FBI Warns Unsecure Communication Port Leaves Buildings Vulnerable to Cyber Attacks

A commonly used communication port for building control systems leaves their system data vulnerable to cyber attacks from hackers, according to an FBI industry advisory obtained by Cyberscoop. As cyber threats and attacks become more diverse against Internet-connected buildings, the use of Port 1911, also known as the Fox Protocol, has shed light on a cybersecurity issue that threatens businesses, universities and other private-sector entities across the country and around the world.

“This default port discloses system information without authenticating, allowing cyber attackers to identify devices and systems that are not patched against known exploits,” the FBI alert says, according to Cyberscoop. “Successful exploitation could lead to data leakage and possible privilege escalation.”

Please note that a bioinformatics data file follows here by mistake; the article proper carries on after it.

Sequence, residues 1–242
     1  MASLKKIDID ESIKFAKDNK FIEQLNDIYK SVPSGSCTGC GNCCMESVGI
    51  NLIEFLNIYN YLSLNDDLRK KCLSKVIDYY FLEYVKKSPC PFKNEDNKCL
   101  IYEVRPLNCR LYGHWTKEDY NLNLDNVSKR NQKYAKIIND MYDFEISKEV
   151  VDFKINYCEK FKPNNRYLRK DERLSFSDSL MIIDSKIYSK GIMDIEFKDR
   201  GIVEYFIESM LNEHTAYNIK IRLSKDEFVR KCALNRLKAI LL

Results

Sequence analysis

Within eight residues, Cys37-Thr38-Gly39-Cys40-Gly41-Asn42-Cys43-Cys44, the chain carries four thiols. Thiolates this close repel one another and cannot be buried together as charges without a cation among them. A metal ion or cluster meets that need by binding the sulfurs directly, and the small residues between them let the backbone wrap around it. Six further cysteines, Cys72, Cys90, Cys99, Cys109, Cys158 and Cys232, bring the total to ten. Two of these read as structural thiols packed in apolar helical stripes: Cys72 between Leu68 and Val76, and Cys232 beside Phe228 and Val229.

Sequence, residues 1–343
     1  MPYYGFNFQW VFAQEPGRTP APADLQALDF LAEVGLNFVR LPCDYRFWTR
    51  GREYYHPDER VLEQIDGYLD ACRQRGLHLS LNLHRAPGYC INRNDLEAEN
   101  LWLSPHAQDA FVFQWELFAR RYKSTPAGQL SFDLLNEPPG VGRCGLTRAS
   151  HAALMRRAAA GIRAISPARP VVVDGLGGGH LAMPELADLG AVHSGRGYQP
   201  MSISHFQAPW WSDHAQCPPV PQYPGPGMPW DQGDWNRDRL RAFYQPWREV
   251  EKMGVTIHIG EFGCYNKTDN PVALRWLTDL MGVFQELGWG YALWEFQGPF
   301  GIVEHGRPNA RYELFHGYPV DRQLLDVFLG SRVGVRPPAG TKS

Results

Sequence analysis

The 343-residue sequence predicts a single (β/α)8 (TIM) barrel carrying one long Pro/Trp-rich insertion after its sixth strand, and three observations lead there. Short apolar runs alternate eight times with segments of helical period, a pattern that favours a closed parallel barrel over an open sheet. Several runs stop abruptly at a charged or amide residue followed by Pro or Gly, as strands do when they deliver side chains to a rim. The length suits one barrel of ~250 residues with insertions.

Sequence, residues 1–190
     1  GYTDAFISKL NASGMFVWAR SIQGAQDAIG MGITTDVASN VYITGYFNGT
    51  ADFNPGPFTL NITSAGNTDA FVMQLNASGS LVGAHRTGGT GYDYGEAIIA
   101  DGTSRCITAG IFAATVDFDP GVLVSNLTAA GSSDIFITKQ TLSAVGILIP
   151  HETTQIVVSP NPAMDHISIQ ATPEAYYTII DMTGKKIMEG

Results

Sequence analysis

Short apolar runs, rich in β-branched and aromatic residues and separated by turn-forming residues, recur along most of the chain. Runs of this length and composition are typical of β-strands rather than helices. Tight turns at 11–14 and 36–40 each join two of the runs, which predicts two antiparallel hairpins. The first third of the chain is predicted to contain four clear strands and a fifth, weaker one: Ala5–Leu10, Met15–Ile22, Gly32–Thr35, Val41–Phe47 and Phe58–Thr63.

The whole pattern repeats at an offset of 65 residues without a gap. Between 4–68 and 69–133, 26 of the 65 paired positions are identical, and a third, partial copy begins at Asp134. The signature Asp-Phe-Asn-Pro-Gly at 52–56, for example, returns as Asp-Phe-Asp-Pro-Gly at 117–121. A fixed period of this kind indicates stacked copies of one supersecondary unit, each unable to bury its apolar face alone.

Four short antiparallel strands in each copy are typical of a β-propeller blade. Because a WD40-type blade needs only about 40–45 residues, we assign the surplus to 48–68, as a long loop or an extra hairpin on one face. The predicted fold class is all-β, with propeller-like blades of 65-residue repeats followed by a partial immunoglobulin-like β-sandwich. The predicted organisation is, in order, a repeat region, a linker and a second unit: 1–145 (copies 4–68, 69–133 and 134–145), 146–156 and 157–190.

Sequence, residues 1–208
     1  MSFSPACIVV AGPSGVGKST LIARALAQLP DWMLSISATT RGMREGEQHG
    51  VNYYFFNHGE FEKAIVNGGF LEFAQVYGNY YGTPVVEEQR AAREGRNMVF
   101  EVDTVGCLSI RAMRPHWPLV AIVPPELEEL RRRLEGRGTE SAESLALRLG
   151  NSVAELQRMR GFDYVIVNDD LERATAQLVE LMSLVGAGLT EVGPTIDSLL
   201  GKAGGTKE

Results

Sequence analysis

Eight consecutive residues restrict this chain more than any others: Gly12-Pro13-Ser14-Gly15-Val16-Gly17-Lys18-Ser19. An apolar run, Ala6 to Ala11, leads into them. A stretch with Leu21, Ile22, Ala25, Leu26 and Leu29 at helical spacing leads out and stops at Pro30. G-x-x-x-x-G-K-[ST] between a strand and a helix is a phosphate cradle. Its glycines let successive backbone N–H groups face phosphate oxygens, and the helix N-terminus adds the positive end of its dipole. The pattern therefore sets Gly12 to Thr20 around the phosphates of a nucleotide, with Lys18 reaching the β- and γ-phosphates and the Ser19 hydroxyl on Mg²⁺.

The port was developed by Richmond, Va.-based Tridium Inc., which has connected to more than 11 million devices around the globe, and developed the groundbreaking Niagara Framework allowing “plant managers to view video streams, high-rise superintendents to operate air conditioners and elevators, security officials to track personnel inside U.S. military facilities, and nurses to monitor medical devices in hospitals,” according to the Washington Post.

It is not clear if any systems have yet been compromised, although security issues with the Fox protocol can be traced back to 2012, after Tridium’s Niagara was downloaded more than 300,000 times. In July 2012, the Department of Homeland Security issued an alert on Tridium’s cyber vulnerabilities.

Tridium said in a statement that the FBI advisory is outdated, and that it refers to “old vulnerabilities that were responded to and resolved with security updates and patches when they were first identified,” according to Cyberscoop. “We will continue to assess and test the effectiveness of our products and solutions.”

Multimedia journalist James Cullum has reported for over a decade to newspapers, magazines and websites in the D.C. metro area. He excels at finding order in chaotic environments, from slave liberations in South Sudan to the halls of the power in Washington, D.C.

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